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All entries categorized “Urban”


Two New Papers on Residential Preferences and Consequences of Racial Segregation

Friday, Oct. 14th, 2011 10:34p.m.

In the commotion of moving and starting my new job, I neglected to post about two articles that came out last month that I worked on for quite a while. The first, Reassessing Residential Preferences for Redevelopment, was published in City & Community last month in a special issue on gentrification. My paper argues that much of our public policy and debate regarding changing residential preferences for gentrification occurs without actually measuring preferences in the population. Using the 2004-5 Chicago Area Study, I do just that to show that preferences break down along groups defined by home ownership. Home owners in the city of Chicago, regardless of race, are much more likely than their suburban counterparts to consider a redeveloped neighborhood. Meanwhile, race tends to unify preferences among renters in that blacks -- regardless of whether they live in Chicago or suburban Cook County -- would consider redeveloped neighborhood much more than their white renting counterparts, with Latino renters in between. I also find that traditional reasons middle-class people prefer redeveloped neighborhoods touted by gentrification and creative class proponents only really apply among whites while black home owners prefer access to city services and Latinos prioritize access to employment.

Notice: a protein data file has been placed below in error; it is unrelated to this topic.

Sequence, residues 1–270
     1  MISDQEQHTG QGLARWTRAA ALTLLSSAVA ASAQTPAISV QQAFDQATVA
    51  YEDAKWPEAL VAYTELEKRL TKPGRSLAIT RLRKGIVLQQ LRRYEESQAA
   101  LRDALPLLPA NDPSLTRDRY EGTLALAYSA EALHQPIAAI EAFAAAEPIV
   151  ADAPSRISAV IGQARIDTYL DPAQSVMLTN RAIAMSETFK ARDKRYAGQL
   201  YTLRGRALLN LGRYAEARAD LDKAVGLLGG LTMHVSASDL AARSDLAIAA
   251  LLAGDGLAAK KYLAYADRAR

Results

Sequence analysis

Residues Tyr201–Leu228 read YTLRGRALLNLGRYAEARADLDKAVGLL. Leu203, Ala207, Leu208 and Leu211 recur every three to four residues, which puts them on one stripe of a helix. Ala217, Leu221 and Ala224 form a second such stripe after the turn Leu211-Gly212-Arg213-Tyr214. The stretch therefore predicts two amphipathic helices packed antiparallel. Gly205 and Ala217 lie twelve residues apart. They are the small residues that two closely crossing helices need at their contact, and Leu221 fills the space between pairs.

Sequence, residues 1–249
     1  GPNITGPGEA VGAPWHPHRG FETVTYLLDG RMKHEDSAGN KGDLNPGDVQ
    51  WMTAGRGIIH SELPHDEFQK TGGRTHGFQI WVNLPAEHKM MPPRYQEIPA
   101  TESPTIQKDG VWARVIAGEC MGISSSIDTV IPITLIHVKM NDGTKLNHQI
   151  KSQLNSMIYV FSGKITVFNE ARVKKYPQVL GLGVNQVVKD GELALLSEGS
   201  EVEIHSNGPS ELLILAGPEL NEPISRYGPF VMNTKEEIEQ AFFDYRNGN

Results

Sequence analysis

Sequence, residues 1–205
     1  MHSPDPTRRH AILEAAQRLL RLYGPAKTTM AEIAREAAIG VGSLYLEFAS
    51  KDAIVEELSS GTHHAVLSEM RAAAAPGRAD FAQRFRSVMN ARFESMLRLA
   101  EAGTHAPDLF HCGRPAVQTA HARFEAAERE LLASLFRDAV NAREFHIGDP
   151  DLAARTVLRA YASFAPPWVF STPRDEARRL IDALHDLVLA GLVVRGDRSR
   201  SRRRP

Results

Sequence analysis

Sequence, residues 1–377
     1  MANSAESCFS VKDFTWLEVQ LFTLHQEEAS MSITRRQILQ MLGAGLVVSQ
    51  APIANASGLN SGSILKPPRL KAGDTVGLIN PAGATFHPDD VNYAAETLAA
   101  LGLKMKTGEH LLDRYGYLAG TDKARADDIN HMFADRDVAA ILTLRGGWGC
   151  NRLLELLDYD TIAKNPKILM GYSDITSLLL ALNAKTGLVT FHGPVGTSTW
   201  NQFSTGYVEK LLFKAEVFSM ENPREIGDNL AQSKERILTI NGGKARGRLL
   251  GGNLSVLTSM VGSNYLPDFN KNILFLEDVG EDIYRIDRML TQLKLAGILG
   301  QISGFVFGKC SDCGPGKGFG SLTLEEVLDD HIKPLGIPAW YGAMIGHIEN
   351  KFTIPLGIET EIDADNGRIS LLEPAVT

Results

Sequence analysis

To the extent that cities hold developers accountable to mixed-income plans, these results suggest that redevelopment might help integrate communities economically and racially. Of course, this means actually holding developers accountable, which is sometimes difficult to do. Overall, the debate regarding who would prefer to live in redeveloped neighborhoods needs to be more nuanced and not based on where people do live.

  tags: gentrification, neighborhoods, public-health, residential-mobility, segregation, urban-policy categories: Neighborhoods , Public Health & Urban

Form or Function?

Wednesday, July 6th, 2011 4:07p.m.

Rolf Pendall posted a short, interesting piece on the suburbanization of poverty at the Urban Institute's new Metro Trends Blog. In it, he questions the basis of determining cities from suburbs in the service of understanding the "suburbanization of poverty."

His criticism stems from the ambiguity of defining suburbs and cities based on their urban design and physical infrastructure. He demonstrates this ambiguity through examples of Houson, Texas (a city with extensive sprawl); Fremont, California (a suburb with its own employment base and denser development than Houston); and Silver Spring, Maryland (an inner-ring suburb with all of the accoutrements of urban living).

His question is valid and one we face often in our work on New York: how relevant is work on New York City for the rest of the country. Just to provide an example of my own, the picture below that looks much like the Silver Spring neighborhood my family is preparing to move into is actually in New York City.


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  tags: built-environment, cities, suburbs, urban-policy categories: Neighborhoods & Urban

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